As Lizzie’s Grandma May would say, John Muir was an odd duck. Lizzie had learned several strange facts about him: He was born in Scotland; he had memorized almost the entire Bible by the time he was eleven; after he came to America, he worked at a wagon wheel factory and a tool poked him in the eye, nearly blinding him; and a few years later, he walked all the way from Indiana to Florida, a distance of a thousand miles. John Muir had spent his entire life exploring the wilderness and fighting to keep it safe. And oh my goodness, how he liked to write! He had written page after page, letters, journals, and essays, and drawn sketches, too—enough to fill many published books—showing his love of nature: in particular, the Sierra Nevada mountain range that rose majestically just a few dozen miles from Lodisto.
And now John Muir was the reason Lizzie was keeping a journal all summer, one that was mostly about the wolves. Every day she came to Wolf Woods to watch them and write about what they were doing … stretching, playing, napping, squabbling. By now she felt like she knew them, especially Lobo. He was so used to her presence that he would walk over to the fence as soon as she appeared. The big wolf had a seriousness that intrigued Lizzie. He looked directly at her, in a way that was neither aggressive nor fearful. She knew that staring back at any animal in the dog family was considered a challenge; in the wild, it could provoke an attack. On the other hand, refusing to make eye contact signaled weakness and submission.
So she chose a middle ground, looking at the wolf, then glancing away. The wolf took a step toward her, sniffing the air. His shoulders were massive, and the thick halo of silvery fur made him seem even bigger. He looked nothing like a dog to Lizzie. There was something tightly wound in him, some wildness that was barely contained. She wondered what would happen if that ever broke through.
The rest of the pack clustered in the shade of the scraggly pines. Lizzie was worried about one of them, a brownish-gray female named Athena who seemed like she might be sick. She had thrown up earlier, and now she was lying on her side. Even at a distance, Lizzie could see her legs trembling.
“Little girl,” an older woman in an orange blouse called to Lizzie from the sidewalk. “You should get away from there. You’re too close.”
Lizzie shifted slightly on her rock. “It’s okay,” she said politely. “My dad works here.”
The woman looked disapproving, but she was forced to turn her attention to two small boys who were racing around the viewing hut, brandishing hot dogs as if they were swords. Probably her grandchildren, Lizzie thought.
“Jared, stop that,” the woman scolded. “Ian! You’re going to drop it. And I am not buying you another one.”
Lizzie flipped open her notebook again and wrote, Sometimes the people at the zoo seem wilder than the animals. The animals are so quiet, but the people are loud and agitated.
She liked the word agitated. Her father used it to describe animals that paced nervously, unable to calm down.
The woman chased after the two boys, her voice rising. “Do you hear me? I am NOT BUYING YOU ANOTHER ONE.”
Lizzie waited for one of the hot dogs to fall to the ground, since an adult’s warnings so often seemed to guarantee the very disaster they were trying to prevent. But before that could happen, the woman grabbed each boy by the shoulder and herded them down the path toward the prairie dog exhibit, still lecturing.
When Lizzie turned back to Lobo, she saw that he had retreated to the back of the pen. He was standing over the wolf on the ground, sniffing her nose. None of the pack had really settled into their new surroundings, but Athena had seemed the most anxious of any of them. And now she’d gotten sick. Lizzie sighed, closing the notebook again. There was no point in waiting. She knew the big wolf wouldn’t come back to the fence. One thing she had learned from watching Lobo: He never changed his mind.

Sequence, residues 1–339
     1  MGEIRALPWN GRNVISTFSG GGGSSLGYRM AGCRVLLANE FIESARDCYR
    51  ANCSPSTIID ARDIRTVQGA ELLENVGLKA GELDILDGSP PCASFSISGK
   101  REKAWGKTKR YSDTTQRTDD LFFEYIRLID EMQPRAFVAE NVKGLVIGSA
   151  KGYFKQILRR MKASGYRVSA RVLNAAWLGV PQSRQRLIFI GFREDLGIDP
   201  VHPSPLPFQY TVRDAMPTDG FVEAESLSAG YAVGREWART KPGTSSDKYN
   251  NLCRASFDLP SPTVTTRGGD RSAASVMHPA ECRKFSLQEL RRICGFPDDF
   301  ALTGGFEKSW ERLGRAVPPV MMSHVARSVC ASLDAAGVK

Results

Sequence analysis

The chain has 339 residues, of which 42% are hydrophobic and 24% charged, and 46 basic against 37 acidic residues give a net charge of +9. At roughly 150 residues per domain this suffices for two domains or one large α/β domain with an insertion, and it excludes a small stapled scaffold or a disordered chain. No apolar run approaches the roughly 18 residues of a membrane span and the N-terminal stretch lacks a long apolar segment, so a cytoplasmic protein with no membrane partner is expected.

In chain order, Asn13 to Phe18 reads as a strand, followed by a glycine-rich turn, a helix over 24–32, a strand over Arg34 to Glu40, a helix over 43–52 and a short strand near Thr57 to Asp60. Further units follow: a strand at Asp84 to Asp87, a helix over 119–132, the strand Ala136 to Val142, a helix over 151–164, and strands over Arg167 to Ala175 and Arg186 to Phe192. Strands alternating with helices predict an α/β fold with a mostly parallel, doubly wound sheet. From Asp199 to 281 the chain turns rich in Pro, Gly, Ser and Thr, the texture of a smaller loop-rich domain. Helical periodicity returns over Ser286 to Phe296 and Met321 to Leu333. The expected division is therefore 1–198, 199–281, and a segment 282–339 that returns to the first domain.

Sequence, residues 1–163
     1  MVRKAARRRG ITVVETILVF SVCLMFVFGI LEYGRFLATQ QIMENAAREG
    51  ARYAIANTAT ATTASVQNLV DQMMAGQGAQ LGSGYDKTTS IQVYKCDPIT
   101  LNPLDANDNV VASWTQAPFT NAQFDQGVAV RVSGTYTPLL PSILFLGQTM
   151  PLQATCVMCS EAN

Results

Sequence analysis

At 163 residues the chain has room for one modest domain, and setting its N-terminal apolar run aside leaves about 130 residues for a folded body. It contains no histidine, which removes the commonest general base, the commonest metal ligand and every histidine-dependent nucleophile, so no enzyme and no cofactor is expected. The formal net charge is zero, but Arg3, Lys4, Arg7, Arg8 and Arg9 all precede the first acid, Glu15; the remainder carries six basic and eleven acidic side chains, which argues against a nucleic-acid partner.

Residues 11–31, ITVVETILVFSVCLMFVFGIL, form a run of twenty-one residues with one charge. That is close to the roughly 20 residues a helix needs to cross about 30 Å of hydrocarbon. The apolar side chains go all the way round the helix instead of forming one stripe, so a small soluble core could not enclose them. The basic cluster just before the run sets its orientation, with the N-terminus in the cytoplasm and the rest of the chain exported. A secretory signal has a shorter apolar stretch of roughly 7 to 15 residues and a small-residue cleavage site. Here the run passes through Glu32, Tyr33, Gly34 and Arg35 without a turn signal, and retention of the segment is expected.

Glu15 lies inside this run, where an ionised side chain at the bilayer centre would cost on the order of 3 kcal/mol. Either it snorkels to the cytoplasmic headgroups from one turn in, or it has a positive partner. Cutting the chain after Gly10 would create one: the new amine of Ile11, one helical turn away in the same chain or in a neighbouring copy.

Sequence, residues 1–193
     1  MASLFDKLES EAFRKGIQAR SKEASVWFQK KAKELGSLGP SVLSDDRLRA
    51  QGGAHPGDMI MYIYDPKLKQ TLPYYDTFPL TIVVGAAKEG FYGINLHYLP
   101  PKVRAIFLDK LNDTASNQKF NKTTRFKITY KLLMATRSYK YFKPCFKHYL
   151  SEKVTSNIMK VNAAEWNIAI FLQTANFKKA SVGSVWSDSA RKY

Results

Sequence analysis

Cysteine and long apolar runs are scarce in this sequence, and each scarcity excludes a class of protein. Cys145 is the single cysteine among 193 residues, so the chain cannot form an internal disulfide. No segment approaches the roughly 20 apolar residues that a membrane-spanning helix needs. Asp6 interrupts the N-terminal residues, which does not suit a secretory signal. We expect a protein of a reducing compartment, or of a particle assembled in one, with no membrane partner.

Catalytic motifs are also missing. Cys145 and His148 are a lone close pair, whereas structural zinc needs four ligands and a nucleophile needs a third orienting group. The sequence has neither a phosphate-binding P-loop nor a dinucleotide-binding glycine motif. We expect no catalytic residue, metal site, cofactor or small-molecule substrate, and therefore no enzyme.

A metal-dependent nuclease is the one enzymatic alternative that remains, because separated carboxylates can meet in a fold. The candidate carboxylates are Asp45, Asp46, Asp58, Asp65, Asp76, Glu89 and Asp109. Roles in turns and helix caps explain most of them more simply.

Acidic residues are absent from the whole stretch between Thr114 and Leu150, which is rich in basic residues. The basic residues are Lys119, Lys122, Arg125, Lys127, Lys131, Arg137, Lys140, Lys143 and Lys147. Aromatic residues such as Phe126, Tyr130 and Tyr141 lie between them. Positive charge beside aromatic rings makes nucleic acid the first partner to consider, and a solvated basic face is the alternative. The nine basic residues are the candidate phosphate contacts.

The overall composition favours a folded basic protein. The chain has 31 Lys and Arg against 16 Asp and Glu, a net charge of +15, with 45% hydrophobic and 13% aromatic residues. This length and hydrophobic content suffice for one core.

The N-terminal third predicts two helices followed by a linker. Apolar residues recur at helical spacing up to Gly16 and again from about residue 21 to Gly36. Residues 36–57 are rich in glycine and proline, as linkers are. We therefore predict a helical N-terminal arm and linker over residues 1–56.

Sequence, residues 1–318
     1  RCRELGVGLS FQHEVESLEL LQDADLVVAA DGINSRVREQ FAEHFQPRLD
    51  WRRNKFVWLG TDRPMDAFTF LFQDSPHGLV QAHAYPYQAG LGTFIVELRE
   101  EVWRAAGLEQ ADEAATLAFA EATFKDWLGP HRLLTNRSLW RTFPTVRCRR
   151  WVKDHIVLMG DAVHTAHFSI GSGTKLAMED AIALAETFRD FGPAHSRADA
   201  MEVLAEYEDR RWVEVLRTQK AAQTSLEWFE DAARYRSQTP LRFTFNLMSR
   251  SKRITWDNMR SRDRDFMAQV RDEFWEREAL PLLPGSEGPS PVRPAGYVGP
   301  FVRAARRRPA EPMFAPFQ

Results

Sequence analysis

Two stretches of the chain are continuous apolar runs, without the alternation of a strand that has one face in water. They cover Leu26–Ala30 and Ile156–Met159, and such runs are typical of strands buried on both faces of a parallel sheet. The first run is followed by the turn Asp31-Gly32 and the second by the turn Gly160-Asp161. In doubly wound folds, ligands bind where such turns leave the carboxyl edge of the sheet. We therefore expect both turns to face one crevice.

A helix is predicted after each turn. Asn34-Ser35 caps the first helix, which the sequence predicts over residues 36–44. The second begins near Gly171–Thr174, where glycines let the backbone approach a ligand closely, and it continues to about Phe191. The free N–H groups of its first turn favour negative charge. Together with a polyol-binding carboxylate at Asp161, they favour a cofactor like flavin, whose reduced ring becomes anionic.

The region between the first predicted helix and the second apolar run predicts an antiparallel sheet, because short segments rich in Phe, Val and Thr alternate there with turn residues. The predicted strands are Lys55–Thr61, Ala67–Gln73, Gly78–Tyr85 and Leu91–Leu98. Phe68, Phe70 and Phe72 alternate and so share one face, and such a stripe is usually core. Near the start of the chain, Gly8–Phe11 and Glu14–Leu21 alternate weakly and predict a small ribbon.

She tucked her feet beneath her and sprang up, suddenly hungry. One of the many great things about living at the zoo was that she could get a meal at the snack bar anytime she wanted, for free. Maybe a slice of pizza today, with a frozen lemonade. She hoped there wouldn’t be a long line. She walked down the path, past the sprawling concrete building that housed the tropical rain forest, then past the vertical cage that held the bald eagle. He’d been rescued from the wild years ago, badly injured, with only one eye. Lizzie thought it gave him a rakish, pirate-y look. Then she took a shortcut behind the Barnyard, a farm-like setting that housed the petting zoo. Here, you could pet and feed the animals. The comical little goats rushed over to the fence when they saw her, and she scratched one between his curved horns.
When she reached the food court, it was almost noon, and the concrete plaza was crowded with families. Children ran around the tables, screaming and laughing. Harried parents balanced trays laden with the zoo’s various fast-food offerings: slices of pizza, steaming hot dogs, onion rings, cups of swirly ice cream. Lizzie hugged her notebook to her chest and was just heading toward the end of the line when a skinny boy who looked about her own age cut in front of her.
Startled, she stepped back to make room for him, but she wasn’t sure he’d even seen her. He had brown skin and hair that formed a cap of tight black curls. His shoulder blades made sharp lines through his blue T-shirt. He was watching the activity at a nearby table, where a mother was trying to corral several toddlers.
“No, Ben, this is your hamburger: The other one is for Noah,” the mother chided. “Lily, hold my hand. Let’s go get our drinks.”
The woman pushed two trays of food into the center of the table and was guiding the three children toward the soda machine with a stack of empty cups when the boy, who had been standing quietly in front of Lizzie, suddenly darted out of the line and snatched one of the trays. Holding it in front of him, he strode quickly and purposefully across the plaza.
Lizzie was so surprised that she could only stare. Had he really just taken that family’s lunch? He’d done it so boldly, she thought she must be mistaken.
One of the children—probably the one whose hamburger was moving swiftly across the plaza—began to wail. The mother, juggling cups and filling them in the foamy stream from the soda dispenser, swung around.
Lizzie hesitated for only a second. Dropping her notebook on an empty table, she ran after the boy.
Text copyright © 2016 by Elise Broach
Illustrations copyright © 2016 by Alice Ratterree